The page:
Where are the H-1B Geniuses?

By John Miano on May 8, 2011

The U.S. imports about 100,000 people a year on H-1B visas. The public is constantly told that this mass of labor imports represent the "Best and Brightest" in the world.

Where are the big accomplishments from those on H-1B visas?

The citations of "H-1B" accomplishments from program supporters illustrate this problem. The Wall Street Journal reported Friday that:

Supporters of the program, including high-tech firms and industry groups, say it attracts foreign talent that spawns innovation and creates jobs in the U.S. They cite former H-1B holders such as Vinod Khosla, co-founder of Sun Microsystems, and Vinod Dham, an engineer behind Intel Corp.'s Pentium chip, as proof of its value.

Sun was started in 1982. Dham started at intel in the late 1970s. The H-1B visa program started in 1991.

These alleged H-1B stars never had H-1B visas.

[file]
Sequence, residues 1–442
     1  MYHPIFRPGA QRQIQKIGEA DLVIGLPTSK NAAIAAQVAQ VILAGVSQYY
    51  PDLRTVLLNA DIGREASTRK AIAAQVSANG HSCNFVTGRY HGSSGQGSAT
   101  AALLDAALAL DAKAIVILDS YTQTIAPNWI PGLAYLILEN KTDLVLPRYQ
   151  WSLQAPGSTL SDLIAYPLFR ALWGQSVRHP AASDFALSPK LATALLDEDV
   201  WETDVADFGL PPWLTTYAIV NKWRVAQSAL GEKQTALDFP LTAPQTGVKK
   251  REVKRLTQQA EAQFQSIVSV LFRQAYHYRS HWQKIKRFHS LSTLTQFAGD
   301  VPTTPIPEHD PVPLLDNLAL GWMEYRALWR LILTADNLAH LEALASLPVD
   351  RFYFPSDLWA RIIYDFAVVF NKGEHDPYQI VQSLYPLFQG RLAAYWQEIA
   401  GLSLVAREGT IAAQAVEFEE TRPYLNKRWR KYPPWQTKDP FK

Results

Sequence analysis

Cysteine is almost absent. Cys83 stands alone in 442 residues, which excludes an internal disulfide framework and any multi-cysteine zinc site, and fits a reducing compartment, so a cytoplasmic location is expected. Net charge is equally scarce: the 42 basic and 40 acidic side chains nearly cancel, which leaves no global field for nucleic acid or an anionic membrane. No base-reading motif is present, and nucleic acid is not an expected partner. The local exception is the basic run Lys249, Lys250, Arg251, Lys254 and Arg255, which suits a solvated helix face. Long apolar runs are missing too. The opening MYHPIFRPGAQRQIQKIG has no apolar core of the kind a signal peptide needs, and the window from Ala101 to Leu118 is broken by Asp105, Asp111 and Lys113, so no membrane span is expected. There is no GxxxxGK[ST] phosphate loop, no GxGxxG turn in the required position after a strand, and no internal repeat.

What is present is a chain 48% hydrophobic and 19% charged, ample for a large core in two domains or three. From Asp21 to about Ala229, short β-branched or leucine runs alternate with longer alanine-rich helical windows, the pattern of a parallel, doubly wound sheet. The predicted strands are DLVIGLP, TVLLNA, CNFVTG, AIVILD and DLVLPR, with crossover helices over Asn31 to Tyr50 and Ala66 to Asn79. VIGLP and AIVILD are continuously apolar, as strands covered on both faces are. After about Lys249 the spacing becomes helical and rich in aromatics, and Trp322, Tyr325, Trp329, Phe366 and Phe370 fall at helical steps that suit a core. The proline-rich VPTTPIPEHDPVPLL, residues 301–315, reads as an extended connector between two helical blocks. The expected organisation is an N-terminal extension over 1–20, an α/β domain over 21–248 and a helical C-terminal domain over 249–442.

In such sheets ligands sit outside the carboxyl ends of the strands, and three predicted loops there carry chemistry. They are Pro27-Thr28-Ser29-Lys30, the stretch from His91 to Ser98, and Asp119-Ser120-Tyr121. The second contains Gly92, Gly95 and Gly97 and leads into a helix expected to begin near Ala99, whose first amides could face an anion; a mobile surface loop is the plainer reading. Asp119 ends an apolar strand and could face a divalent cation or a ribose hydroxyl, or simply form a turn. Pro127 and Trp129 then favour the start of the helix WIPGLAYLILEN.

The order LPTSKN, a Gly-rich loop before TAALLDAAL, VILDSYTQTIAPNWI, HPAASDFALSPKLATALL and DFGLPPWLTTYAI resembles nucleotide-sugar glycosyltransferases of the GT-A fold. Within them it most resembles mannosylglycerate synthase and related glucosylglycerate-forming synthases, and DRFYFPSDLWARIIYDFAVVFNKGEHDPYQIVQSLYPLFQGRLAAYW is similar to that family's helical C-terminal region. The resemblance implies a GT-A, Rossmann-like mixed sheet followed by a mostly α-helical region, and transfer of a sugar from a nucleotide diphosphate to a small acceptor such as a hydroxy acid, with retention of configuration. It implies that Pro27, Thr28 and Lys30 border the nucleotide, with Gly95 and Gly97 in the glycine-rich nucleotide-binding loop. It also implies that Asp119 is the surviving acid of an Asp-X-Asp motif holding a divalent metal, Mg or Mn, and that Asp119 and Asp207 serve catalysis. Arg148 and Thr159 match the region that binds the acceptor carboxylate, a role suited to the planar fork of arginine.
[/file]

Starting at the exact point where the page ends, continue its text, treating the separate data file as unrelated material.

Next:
While on the Wall Street Journal article, it discusses the decline in the number of H-1B visas in recent years. However, it never mentions "optional practical training" or OPT. Until recently, DHS permitted people on student visas to work under OPT for one year after they graduated. In 2008, DHS changed its regulations to allow people in technology fields to work for up to 29-months (with 35 months possible for fall graduates).

DHS's regulatory-created OPT guestworker program not only permits people who are not students to work on student visas, but also does so without any worker protections whatsoever. DHS does not require these workers to be paid at all, let alone the prevailing wage.

Under OPT, employers have:

  • A work period nearly as long as for an H-1B visa

  • No requirements to pay the prevailing wage

  • No requirements to protect domestic workers.

Yet no mention of this new source of labor in the WSJ piece.